While it wasn’t a meteoric crash of epic proportions, QB Jameis Winston did fall back to earth a little on Friday. Of course duplicating his terrific success of Thursday would be asking a little too much from a rookie. And in the case of the media, we may be making way too much of both the highs and lows of Tampa Bay’s rookie signal-caller so far in camp.
On Friday, as practice began, Winston – along with Mike Glennon and Seth Lobato – spent the first part of the day working with QB coach Mike Bajakian practicing some simple play-action drop backs from under center and finding the running backs in the flat. Next came straight drops from under center and working with quick seam passes with the tight ends. All three quarterbacks did well in the drill.
Bajakian tried to affect the throws by swatting at the QBs simulating pressure from the edge in the next drill. Offensive coordinator Dirk Koetter got in quite the workout as well, as he played a simulated linebacker role and used paddles to try and affect the throws from the quarterbacks as well.
The general theme for Winston has been slow starts. Of course in most of the practices the defense is, by design, working to make his job incredibly difficult, throwing different looks and blitzes his way. No one could even begin to make a reasonable argument that the Bucs coaching staff is trying to baby Winston. Defensive coordinator Leslie Frazier and Lovie Smith have thrown everything but a training tub full of cold ice water at Winston, in an attempt to rattle the young quarterback, and at times it has created some problems.
During the first 11-on-11 period the Bucs sent Lavonte David, and Bruce Carter on blitzes, and even a corner blitz from Alterraun Verner to try and give Winston problems. And it was Winston’s least productive period as he only went 3-of-7 with an interception on his first pass attempt of the day on a long ball that was picked by cornerback Johnthan Banks.
Winston talked about his interception following practice.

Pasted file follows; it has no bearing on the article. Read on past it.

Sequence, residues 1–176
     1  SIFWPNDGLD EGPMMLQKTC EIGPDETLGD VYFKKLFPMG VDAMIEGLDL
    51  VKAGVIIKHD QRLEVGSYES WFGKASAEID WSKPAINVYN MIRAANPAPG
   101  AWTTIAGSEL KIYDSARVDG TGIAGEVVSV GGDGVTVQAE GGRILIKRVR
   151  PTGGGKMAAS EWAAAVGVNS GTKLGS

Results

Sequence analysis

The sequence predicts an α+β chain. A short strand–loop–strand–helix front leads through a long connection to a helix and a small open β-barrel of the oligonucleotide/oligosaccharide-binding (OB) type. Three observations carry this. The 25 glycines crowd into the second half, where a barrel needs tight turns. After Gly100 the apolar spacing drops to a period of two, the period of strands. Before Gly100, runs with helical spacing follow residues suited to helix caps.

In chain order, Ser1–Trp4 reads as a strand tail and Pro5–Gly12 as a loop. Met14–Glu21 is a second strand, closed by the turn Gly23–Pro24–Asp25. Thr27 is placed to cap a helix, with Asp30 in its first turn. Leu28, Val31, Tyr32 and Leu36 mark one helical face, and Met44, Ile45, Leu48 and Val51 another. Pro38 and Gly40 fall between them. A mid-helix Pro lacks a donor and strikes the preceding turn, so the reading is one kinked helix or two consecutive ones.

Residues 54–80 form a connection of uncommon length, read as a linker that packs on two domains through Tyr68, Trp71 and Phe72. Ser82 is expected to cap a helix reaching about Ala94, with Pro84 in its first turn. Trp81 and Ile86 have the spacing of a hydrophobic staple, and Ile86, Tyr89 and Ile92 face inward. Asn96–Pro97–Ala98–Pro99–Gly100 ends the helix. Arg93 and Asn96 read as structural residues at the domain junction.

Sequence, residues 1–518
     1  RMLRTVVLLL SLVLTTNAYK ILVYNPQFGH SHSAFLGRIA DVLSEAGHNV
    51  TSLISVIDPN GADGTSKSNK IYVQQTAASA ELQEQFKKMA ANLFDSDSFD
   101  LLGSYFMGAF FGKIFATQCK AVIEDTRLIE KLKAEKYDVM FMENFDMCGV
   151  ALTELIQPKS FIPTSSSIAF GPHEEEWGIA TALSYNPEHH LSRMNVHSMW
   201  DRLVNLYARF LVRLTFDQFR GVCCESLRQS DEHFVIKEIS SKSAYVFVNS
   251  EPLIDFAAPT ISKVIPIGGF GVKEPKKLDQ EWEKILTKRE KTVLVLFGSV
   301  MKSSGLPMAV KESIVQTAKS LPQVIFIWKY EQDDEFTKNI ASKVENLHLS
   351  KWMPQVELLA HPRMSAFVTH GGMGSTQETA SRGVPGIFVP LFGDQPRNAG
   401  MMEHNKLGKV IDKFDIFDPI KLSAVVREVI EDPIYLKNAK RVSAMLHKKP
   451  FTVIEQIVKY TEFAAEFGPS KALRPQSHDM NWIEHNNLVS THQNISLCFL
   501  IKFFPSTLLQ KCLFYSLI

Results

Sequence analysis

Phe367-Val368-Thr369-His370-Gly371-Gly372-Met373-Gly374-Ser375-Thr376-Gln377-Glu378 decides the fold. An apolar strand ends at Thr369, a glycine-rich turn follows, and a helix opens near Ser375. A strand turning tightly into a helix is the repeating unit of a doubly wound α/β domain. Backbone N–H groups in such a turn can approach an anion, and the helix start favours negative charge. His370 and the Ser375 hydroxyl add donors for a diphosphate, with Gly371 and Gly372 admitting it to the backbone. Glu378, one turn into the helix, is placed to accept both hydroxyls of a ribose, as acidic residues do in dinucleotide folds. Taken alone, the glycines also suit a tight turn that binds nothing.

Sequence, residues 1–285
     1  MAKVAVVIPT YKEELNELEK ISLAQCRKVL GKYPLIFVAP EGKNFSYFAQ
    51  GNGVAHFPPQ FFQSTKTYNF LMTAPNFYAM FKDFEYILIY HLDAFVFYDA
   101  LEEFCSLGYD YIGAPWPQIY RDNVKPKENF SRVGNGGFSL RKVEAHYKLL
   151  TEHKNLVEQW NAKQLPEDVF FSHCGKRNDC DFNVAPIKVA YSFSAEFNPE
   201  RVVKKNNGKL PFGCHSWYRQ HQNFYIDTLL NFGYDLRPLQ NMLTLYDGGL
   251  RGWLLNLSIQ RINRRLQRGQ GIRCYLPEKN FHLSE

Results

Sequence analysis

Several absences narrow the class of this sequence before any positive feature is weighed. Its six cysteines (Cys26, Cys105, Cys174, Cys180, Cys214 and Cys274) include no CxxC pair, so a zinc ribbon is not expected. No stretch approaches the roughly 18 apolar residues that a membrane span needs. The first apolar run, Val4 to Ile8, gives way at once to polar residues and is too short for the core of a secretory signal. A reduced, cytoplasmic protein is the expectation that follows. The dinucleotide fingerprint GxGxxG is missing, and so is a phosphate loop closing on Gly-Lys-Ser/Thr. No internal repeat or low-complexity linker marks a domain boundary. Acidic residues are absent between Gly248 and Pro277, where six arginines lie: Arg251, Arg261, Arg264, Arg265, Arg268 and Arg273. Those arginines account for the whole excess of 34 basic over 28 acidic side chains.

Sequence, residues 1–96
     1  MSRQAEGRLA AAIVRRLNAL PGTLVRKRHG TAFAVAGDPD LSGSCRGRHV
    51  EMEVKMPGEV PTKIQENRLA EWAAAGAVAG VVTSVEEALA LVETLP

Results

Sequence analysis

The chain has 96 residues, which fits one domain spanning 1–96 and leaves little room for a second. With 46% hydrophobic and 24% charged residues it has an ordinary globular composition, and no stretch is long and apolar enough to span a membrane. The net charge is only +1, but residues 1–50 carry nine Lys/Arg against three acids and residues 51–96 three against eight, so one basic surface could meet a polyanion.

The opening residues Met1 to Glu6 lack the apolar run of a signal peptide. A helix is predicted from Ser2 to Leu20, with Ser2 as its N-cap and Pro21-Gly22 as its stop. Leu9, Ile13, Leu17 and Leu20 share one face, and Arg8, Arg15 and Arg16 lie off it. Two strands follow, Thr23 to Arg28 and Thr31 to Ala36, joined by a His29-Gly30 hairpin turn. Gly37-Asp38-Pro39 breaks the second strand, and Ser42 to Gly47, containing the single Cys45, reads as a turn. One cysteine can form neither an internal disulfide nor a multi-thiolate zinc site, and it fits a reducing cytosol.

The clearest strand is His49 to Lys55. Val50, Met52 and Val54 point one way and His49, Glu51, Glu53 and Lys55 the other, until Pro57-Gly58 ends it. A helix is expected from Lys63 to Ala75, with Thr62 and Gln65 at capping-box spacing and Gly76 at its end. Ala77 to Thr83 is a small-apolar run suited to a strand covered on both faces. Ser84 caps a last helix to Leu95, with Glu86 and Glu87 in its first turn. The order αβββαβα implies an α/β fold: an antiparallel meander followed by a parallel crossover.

“Just single high,” Winston said. “I gave my man a shot and the other guy – I mean, those guys are good over there. But like I said, it’s not about that. It’s about going out there and competing, it’s about getting better. Obviously it was three (interceptions), two and one, and, you know, hopefully it’s zero.”
In the next period Glennon took over with the first team working on Field 1 on power running and Winston went to the south end of the middle field where he worked with the receivers and cornerback going 1-on-1. Winston was equally unimpressive in this period as, finishing just 2-of-8. But as we have seen over the last six days, Winston would eventually get in a rhythm, and that is what next happened in the 7-on-7’s.
The Bucs defense was determined to make Winston be patient and for the most part he took the check downs instead of trying to force things down the field. Winston’ most impressive pass of the period came late when he hit tight end Austin Seferian-Jenkins on a deep cross moving right to left. The second year tight end caught the perfect pass in stride, but as he approached the sideline fumbled the ball before recovering it himself. Winston finished 8-of-11 in the drill.
Winston kept his accuracy up in the final 11-on-11 period going eight of ten including a nice deep ball to Mike Evans on scramble and roll to his right. Winton also had a fumbled snap that he picked up but still found Tavares King for a short gain. While it was a nice improvisation from Winston, in a game, trying to complete a pass after a fumble, normally leads to disaster. All Winston needs to do is call former Bucs QB Josh McCown to verify that.
Winston’s final numbers were affect by his receivers having some issues holding onto the ball. There were at least five legitimate drops on Friday.
Winston talked about his day following practice on Friday, and was asked if he felt he was learning something every day.
“Absolutely. I have no choice. We are installing new plays every single day. Different reads, different progressions and I’m throwing to different people all the time. So I have no choice but to get better every day. If I chose to take a day off, it wouldn’t be smart.”
Final Stats (unofficial): 21-of-36 (58 percent) with one interception
PewterReport.com Practice Grade: C